Adventureland – Quirky and Awkward as Expected

Adventureland PosterAdventureland has been on my list to see since it came out. It always seemed exactly like the kind of movie I love and, well, it is. It’s the kind of film I relate to probably a bit more than I should.

It’s not a screwball comedy or, really, even a standard rom-com. It doesn’t quite dip into the “stoner” genre, even though there’s a bit of weed involved here and there in the film. It’s just the sort of film that feels “real” to me, in part because of all the flaws I see in the world and the people around me… and how those flaws often come together in amazing ways to make the magic of friendship, love, and adventure happen.

The Plot

James has plans. Before heading off to college in New York City with his best friend, they’re going to spend the summer in Europe, living it up. James has never really faced any hardship, or been left wanting for much in his life. That all changes when the bottom falls out of family fortunes and he’s told that, instead of going to Europe, he’s going to have get a summer job in order to pay for college.

That… doesn’t go so well, as he’s never worked a day in his life. (And really can’t sell himself very well, either.)

Eventually, his job search takes him to Adventureland, a third-rate amusement park near his home town. He is, of course, immediately hired and set to work running one of the (rigged) games in the park. His coworkers aren’t exactly the cream of the crop, many of them have made some very poor life choices or suffer from really low self-esteem. Some, even though they’re in their 20s, are still stuck in a very “high school” mode of behavior–longing to be like the “cool kids” and jockeying for popularity and status among their peers.

He kind of falls for one of those coworkers, Em, who also, reluctantly, falls for him. Unfortunately, much like in life, even that summer romance isn’t something simple and fun.

The Heart of It All

Like I said, this is the kind of movie I love. There isn’t a single “clean” character in the mix. Every single one of them has rough edges and flaws that will remind you of at least one person you know. Possibly even yourself. The interactions (and bad decisions) are familiar not despite, but because of, their sometimes awkward nature.

There’s more than just “nostalgia” and “quirk” value, it being set in the 80s and all that. It’s not a Judd Apatow film, but it feels just enough like one. It’s not a Cameron Crowe film, either, but it feels a bit like one of those, too. If you lived through the 80s and can remember them, well, the sound track just kicks ass.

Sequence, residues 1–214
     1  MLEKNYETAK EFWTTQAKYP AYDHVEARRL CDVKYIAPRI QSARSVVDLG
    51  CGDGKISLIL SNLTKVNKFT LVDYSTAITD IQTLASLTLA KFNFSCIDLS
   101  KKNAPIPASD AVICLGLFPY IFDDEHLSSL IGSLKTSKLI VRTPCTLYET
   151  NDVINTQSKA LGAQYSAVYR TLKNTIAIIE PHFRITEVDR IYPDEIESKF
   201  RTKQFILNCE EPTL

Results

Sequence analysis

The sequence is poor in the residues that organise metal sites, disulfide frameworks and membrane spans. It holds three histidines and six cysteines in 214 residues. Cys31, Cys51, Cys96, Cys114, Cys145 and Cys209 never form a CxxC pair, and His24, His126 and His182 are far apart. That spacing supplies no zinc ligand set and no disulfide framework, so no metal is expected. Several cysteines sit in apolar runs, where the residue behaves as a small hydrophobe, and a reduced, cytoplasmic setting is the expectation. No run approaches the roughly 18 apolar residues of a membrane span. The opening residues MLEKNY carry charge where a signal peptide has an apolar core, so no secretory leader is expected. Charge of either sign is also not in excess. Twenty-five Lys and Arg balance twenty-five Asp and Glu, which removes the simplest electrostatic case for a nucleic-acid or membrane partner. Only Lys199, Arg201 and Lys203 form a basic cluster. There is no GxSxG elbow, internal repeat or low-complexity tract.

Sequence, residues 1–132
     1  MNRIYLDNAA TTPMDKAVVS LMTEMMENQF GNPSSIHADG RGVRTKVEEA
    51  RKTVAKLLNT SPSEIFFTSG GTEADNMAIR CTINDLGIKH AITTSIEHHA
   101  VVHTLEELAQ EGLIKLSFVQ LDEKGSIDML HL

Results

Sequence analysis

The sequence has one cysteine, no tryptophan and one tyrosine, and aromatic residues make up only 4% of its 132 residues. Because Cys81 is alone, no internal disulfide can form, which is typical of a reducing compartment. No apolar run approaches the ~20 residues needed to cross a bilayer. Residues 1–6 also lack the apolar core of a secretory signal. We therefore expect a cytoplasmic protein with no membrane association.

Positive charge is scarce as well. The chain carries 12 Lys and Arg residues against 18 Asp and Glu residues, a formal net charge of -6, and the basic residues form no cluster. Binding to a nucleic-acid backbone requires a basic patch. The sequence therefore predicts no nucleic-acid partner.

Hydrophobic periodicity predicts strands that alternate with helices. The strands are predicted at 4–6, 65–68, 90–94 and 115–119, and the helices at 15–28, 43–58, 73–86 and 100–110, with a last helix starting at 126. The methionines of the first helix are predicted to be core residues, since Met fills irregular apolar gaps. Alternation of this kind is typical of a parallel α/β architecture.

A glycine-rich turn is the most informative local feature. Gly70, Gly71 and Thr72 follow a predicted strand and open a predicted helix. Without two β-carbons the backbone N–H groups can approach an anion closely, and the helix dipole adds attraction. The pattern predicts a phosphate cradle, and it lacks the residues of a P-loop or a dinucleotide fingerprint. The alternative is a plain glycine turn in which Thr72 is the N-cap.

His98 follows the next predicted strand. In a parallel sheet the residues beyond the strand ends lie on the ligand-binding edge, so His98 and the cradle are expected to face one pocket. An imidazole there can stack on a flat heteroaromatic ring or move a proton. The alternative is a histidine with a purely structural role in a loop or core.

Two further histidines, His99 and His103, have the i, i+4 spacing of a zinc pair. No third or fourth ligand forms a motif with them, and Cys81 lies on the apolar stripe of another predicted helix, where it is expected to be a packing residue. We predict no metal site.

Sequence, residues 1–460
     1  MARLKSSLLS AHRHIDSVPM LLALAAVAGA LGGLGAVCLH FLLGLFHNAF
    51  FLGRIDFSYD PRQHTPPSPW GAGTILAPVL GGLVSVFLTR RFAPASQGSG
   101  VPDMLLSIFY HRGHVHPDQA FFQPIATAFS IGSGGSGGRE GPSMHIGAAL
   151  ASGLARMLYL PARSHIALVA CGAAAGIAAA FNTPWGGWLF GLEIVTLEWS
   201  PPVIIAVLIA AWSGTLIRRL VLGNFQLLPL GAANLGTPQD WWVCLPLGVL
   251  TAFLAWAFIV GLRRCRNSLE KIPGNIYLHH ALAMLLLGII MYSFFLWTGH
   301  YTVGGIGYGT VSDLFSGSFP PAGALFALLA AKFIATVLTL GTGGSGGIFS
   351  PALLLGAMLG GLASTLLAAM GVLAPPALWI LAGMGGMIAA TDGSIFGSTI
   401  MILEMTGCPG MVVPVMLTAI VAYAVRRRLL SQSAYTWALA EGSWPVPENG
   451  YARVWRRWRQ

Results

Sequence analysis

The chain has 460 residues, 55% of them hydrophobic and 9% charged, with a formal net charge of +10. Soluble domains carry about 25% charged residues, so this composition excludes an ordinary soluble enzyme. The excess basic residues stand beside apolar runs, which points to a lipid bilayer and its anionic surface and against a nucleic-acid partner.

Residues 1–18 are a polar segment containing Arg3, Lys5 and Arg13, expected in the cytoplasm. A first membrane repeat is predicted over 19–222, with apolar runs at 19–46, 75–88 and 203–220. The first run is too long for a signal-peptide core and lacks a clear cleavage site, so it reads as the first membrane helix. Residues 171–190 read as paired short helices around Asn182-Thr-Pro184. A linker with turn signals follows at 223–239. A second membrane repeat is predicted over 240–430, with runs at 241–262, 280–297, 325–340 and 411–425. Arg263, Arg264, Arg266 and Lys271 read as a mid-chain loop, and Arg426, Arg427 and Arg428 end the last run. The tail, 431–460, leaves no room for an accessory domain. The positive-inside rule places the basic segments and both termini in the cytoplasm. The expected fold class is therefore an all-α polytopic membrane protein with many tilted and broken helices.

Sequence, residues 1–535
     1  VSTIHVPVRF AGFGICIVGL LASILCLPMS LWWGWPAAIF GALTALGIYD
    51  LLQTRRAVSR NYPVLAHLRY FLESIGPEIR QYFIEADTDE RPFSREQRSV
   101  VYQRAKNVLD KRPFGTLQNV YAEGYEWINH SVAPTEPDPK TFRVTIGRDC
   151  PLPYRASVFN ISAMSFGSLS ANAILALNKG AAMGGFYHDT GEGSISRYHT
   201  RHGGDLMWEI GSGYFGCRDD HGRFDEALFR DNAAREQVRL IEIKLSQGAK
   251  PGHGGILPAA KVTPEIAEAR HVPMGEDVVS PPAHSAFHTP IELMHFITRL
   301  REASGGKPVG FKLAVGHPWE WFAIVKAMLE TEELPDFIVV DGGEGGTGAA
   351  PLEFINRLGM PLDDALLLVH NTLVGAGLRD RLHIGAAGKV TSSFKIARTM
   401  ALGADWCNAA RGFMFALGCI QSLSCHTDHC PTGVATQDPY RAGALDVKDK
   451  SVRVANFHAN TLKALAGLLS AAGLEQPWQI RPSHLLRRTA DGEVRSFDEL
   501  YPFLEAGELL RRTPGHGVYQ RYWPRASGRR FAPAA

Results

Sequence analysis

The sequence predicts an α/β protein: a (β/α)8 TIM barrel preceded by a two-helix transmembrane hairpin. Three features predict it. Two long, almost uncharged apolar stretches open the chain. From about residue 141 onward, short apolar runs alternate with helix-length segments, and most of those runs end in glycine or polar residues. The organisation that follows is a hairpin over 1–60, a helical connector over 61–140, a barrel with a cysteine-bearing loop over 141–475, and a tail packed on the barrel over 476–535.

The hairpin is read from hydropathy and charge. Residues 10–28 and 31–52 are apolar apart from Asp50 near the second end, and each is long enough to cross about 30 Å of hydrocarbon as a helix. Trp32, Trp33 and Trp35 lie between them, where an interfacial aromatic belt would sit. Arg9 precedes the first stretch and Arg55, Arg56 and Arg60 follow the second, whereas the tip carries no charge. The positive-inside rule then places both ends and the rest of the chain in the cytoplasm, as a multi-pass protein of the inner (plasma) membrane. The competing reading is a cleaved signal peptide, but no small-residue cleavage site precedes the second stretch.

All of that comes together into a story of self-discovery and the importance of actually taking responsibility for the direction you go in life. James has the rug pulled out from underneath him (more than a few times in the course of the film, actually) and he doesn’t always handle it well. Em is so used to making bad decisions that it’s literally traumatic for her to actually take control of her life and try to do the right thing.

I know a lot of people don’t really care much for Jesse EIisenberg or Kristen Stewart, but they’re perfectly cast in this film (and in the others they play opposite each other… their mutual “oddness” just works… at least for me). Having Ryan Reynolds as the local epitome of cool (yet still terribly, terribly flawed) just makes everything else work all the better.

There’s plenty of comedy here. Some of it a lot more witty and rye than other bits. As with many newer films that focus on the “freaks, geeks, and weirdos”, derogatory “humor” that happens isn’t glorified and it’s never actually the punchline. The bullies get their due, the nerds endure (not always gracefully, but they always end up among friends).

There’s plenty of drama here, too. The relationship dynamics play true to so much I’ve seen in life over the years it’s not even funny. The failures are legitimately painful. The successes, fully joyful. Most stuff, though… most stuff hovers somewhere in between. Even when everything goes great, there’s still that reminder of there always being consequences somewhere down the road.

The Verdict

It’s the kind of movie that, very often, is a bittersweet pleasure. These days, I think, this and others like it leave me more maudlin than they used to. Of course, that’s no surprise, since one of the reasons I’ve waited so long to get around to this is because I wanted someone else to watch it with, to experience it with, to have more than just my own experiences coloring the afterglow of the film.

Not at all unlike James in the film. Or Em.

This movie is about discovery. Discovering who you really are, what really matters to you. Pushing through the pain and crappy hand life has dealt you and doing something with it. Not just “something”… your thing. Finding those who will support you, and those who will tear you down or hold you back, and then choosing which ones you’re going to keep in your life.

It’s also about how things don’t always work out as planned. How what you discover isn’t always good or comfortable or pleasant. And how that won’t necessarily be the end of the world for you.

Anyway, if you like kind of quirky and awkward semi-romantic, low-key, almost rambling tales of relationships (both romantic and otherwise), check it out.

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